Letter to Governor Brown and the Legislature on the Salton Sea



For this study, the Commission revisited its September 2015 review of Salton Sea environmental mitigation and strategic management, Averting Disaster: Action Now for the Salton Sea. The Commission’s report, citing an impending air quality, public health and ecological crisis at the shrinking inland desert lake that straddles Imperial and Riverside counties, called for the state to take immediate action to begin addressing the anticipated impacts. Specifically, the Commission urged the California Natural Resources Agency to begin implementing shovel-ready projects, and the Governor and the Legislature to immediately begin planning and funding the next phase of Salton Sea projects while developing a long-term plan.

The defining environmental condition at the Salton Sea is lack of fresh water to sustain its size, plus an ever-increasing salinity. Biologists believe the sea is headed for ecological collapse as fish species die out and migrating birds find no food.  Further, the seabed harbors nearly a century’s accumulation of toxins from agricultural runoff. As the sea recedes, desert winds are expected to sweep saline dust and toxins into the air, threatening the air quality for neighboring residents and potentially, much of the Los Angeles region.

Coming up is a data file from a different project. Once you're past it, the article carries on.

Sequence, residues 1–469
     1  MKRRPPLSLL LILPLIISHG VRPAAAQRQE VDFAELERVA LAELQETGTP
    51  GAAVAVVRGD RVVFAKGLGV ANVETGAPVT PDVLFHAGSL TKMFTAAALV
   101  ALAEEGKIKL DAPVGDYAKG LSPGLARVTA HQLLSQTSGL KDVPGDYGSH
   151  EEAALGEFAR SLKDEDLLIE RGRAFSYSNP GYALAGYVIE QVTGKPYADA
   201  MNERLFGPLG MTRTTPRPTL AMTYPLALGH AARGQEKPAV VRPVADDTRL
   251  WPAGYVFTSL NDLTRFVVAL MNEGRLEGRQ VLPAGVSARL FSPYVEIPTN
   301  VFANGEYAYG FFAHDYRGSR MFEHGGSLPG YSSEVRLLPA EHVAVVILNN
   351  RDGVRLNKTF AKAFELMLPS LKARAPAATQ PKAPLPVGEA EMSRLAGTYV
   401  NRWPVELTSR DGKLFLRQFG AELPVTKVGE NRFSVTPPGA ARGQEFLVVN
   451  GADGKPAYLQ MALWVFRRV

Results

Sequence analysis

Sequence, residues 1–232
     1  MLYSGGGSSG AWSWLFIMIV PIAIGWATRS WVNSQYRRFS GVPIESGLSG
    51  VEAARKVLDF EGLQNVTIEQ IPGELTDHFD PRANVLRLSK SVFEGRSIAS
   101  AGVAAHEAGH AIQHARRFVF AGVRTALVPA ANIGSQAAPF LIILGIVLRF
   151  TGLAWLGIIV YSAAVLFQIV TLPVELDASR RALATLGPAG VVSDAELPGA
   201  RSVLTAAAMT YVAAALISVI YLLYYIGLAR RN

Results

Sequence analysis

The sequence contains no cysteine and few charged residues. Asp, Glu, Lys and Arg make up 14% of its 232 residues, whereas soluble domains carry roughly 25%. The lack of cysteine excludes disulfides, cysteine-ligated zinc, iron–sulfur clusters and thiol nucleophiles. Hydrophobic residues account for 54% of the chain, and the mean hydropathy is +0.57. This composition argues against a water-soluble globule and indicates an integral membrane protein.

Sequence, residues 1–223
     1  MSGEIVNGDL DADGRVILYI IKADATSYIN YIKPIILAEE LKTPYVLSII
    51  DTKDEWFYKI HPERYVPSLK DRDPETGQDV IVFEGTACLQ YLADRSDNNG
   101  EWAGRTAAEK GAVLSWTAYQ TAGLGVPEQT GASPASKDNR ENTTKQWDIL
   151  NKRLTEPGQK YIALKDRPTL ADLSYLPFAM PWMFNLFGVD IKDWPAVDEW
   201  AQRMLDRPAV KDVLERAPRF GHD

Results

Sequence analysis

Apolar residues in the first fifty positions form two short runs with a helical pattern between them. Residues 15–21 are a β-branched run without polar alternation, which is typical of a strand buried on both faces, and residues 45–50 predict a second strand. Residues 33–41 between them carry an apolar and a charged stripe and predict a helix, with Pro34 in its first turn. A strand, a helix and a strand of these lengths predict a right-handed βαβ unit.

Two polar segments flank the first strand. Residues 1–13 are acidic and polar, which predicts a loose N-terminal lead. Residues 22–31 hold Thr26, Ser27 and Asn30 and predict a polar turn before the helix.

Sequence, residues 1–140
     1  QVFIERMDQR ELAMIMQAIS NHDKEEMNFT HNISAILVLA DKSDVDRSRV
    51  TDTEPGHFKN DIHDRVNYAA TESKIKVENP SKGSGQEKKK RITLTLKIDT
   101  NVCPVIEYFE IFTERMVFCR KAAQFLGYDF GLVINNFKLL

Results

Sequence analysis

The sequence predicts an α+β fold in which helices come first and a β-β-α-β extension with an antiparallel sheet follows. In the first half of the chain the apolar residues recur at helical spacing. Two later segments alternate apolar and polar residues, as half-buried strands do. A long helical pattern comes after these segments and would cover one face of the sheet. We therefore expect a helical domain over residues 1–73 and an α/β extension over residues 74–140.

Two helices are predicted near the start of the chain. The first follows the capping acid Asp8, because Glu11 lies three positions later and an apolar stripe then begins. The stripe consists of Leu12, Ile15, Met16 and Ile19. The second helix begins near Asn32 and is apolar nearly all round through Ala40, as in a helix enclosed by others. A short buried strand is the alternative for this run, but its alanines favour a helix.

The Commission’s report encouraged the newly-appointed assistant secretary for Salton Sea policy at the Natural Resources Agency to immediately begin working with the Governor’s Salton Sea Task Force and stakeholders to expedite construction projects, policy recommendations and funding priorities to meet mitigation and management goals. The Commission, in accordance with its oversight responsibility, also stated that it would hold a hearing in April 2016 to learn the progress the state has made in implementing the currently-permitted projects.

The Commission scheduled a public hearing on Monday, April 25, to follow up on issues raised in its 2015 report and to assess the progress of implementing its Salton Sea recommendations to avert environmental disaster in Southern California.

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